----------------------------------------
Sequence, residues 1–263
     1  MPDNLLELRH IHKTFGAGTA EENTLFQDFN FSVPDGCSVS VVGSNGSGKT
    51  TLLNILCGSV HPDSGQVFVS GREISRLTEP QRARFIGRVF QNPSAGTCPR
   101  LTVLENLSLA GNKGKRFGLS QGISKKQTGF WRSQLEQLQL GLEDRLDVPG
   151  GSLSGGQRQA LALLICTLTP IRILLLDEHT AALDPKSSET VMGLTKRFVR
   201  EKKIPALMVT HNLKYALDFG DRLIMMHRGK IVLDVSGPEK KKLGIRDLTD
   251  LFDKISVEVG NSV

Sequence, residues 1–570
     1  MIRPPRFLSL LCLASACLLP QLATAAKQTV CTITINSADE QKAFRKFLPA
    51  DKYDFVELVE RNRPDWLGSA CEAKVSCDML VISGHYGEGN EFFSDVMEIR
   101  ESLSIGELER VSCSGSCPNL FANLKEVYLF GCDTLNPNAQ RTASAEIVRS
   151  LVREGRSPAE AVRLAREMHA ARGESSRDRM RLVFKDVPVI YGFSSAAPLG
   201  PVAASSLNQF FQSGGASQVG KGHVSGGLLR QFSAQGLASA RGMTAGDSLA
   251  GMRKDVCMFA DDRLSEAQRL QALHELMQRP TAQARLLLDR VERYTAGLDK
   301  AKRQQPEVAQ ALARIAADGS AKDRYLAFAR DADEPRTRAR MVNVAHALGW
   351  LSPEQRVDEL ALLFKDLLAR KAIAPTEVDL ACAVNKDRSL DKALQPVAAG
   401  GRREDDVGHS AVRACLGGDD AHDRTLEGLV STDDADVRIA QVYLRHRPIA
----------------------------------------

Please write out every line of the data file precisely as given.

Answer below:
Sequence, residues 1–263
     1  MPDNLLELRH IHKTFGAGTA EENTLFQDFN FSVPDGCSVS VVGSNGSGKT
    51  TLLNILCGSV HPDSGQVFVS GREISRLTEP QRARFIGRVF QNPSAGTCPR
   101  LTVLENLSLA GNKGKRFGLS QGISKKQTGF WRSQLEQLQL GLEDRLDVPG
   151  GSLSGGQRQA LALLICTLTP IRILLLDEHT AALDPKSSET VMGLTKRFVR
   201  EKKIPALMVT HNLKYALDFG DRLIMMHRGK IVLDVSGPEK KKLGIRDLTD
   251  LFDKISVEVG NSV

Sequence, residues 1–570
     1  MIRPPRFLSL LCLASACLLP QLATAAKQTV CTITINSADE QKAFRKFLPA
    51  DKYDFVELVE RNRPDWLGSA CEAKVSCDML VISGHYGEGN EFFSDVMEIR
   101  ESLSIGELER VSCSGSCPNL FANLKEVYLF GCDTLNPNAQ RTASAEIVRS
   151  LVREGRSPAE AVRLAREMHA ARGESSRDRM RLVFKDVPVI YGFSSAAPLG
   201  PVAASSLNQF FQSGGASQVG KGHVSGGLLR QFSAQGLASA RGMTAGDSLA
   251  GMRKDVCMFA DDRLSEAQRL QALHELMQRP TAQARLLLDR VERYTAGLDK
   301  AKRQQPEVAQ ALARIAADGS AKDRYLAFAR DADEPRTRAR MVNVAHALGW
   351  LSPEQRVDEL ALLFKDLLAR KAIAPTEVDL ACAVNKDRSL DKALQPVAAG
   401  GRREDDVGHS AVRACLGGDD AHDRTLEGLV STDDADVRIA QVYLRHRPIA